When a restaurant serves unsafe food to a patron and that person is injured as a result, a personal injury claim may be possible. In asserting a Cape Cod food contamination case, the burden of proof is on the plaintiff, meaning that he or she must present evidence sufficient to convince the jury, by a preponderance of the evidence, that he or she is entitled to money damages due to the incident and injuries at issue.
Damages may include compensation for pain and suffering, medical expenses, lost earnings, and the like. The exact amount to be awarded is in the jury’s discretion but is subject to appellate review.
Facts of the Case
The plaintiff in a recent appeals court case was a woman who was injured when she allegedly bit down on a piece of bone that was in a hamburger purchased from the defendant restaurant. According to the plaintiff, the bone caused one of her upper molars to split, necessitating over two years of dental and medical treatment. This included two root canals, sinus elevation surgery, and a bone graft. The plaintiff’s lawsuit, filed in 2013, asserted claims for breach of the implied warranty of merchantability under Massachusetts General Laws ch. 106, § 2-314 and violations of Massachusetts General Laws ch. 93A. (The plaintiff also asserted a negligence claim and a negligent infliction of emotional distress claim, but these claims were voluntarily dismissed prior to trial.)
The case was tried to a jury, which ruled in the plaintiff’s favor and awarded her $150,005.64 in damages. After the verdict was returned, the trial court granted the defendant’s motion for a mistrial. Notably, the motion had been made – but not decided upon – during closing arguments. The case was then tried a second time in front of a different jury. The second jury also found in the plaintiff’s favor and awarded her $10,000 in damages; however, the judge found in the defendant’s favor on the ch. 93A claim, allowed the defendant’s motion to recover costs, and thus entered a net judgment to the plaintiff for $5964.52. The plaintiff appealed, arguing that the trial court had erred in granting a mistrial after the verdict in the first trial. The defendant sought further appeal.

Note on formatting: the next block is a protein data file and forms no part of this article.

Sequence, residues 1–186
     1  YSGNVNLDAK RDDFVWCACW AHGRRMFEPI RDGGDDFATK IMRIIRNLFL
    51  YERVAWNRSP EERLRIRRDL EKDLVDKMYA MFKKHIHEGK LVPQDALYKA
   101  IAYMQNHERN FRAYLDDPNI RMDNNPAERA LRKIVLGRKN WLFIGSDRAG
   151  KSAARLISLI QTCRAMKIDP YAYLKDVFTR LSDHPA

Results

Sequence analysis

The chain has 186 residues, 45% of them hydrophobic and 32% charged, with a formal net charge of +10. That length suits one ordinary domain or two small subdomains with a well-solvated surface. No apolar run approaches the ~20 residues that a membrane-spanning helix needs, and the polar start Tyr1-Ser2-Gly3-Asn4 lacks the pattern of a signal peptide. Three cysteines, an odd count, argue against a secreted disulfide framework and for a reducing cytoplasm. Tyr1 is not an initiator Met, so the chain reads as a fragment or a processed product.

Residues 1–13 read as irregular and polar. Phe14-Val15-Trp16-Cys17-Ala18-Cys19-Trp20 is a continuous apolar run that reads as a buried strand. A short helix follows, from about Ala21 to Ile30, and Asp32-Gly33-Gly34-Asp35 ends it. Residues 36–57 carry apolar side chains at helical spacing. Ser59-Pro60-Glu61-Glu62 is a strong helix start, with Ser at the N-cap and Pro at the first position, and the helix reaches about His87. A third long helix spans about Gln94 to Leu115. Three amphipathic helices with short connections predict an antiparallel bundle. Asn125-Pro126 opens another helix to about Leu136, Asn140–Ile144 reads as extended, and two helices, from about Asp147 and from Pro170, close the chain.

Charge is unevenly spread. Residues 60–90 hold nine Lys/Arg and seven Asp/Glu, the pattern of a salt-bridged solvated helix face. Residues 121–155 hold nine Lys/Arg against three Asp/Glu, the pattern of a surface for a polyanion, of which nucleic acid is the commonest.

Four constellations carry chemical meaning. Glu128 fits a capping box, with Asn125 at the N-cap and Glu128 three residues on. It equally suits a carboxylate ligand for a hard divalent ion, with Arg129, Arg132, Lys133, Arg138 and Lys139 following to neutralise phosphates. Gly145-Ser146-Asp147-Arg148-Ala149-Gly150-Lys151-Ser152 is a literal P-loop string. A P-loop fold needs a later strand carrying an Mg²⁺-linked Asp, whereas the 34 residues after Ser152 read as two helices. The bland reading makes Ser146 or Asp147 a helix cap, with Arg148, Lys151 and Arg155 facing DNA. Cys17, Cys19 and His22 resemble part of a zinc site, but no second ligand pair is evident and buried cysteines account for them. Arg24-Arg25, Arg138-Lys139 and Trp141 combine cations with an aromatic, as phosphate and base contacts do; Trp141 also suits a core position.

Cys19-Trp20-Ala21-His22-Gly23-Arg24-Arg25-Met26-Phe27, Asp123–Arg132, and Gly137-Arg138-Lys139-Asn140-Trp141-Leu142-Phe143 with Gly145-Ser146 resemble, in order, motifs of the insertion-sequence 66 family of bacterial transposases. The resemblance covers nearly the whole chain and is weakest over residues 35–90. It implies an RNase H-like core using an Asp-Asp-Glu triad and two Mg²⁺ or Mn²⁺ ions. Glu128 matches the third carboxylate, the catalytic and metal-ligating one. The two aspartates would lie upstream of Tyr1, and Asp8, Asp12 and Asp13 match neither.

Decision of the Court
The Supreme Judicial Court of Massachusetts reversed the intermediate tribunal court’s decision and affirmed the trial court’s order granting the defendant’s motion for a mistrial following the first trial. The court began by acknowledging that, in the first trial, the defendant made its motion for a mistrial during closing arguments (based on the plaintiff’s counsel allegedly making improper comments during that part of the trial) but the judge reserved her decision until after the jury’s verdict. The court then noted that prior Massachusetts case law did not directly address the procedural question of whether a trial court judge could reserve a decision on a party’s motion for a mistrial until after a jury had returned a verdict. In addressing this issue, the supreme judicial court ruled that, in such a situation, the motion should be decided when made, not after the jury’s verdict. After a jury has returned a verdict, the proper procedure was a motion for a new trial, not a motion for a mistrial.
After stating that this rule was to be applied prospectively only, the court determined that, in the instant case, the trial court judge had not abused her discretion in granting a mistrial in the first trial given certain the improper statements made by the plaintiff’s attorney. According to the court, these statements were made to “appeal to the jurors’ emotions, passions, prejudices, or sympathies” and were grounds for the declaration of a mistrial.
Contact a Personal Injury Attorney in Cape Cod
If you have been hurt because of a restaurant’s food contamination in Hyannis or Plymouth, the Law Offices of John C. Manoog III can help you assert a claim against the restaurant that prepared and served the food. Call us at 888-262-6664 for an appointment, or contact us through this website.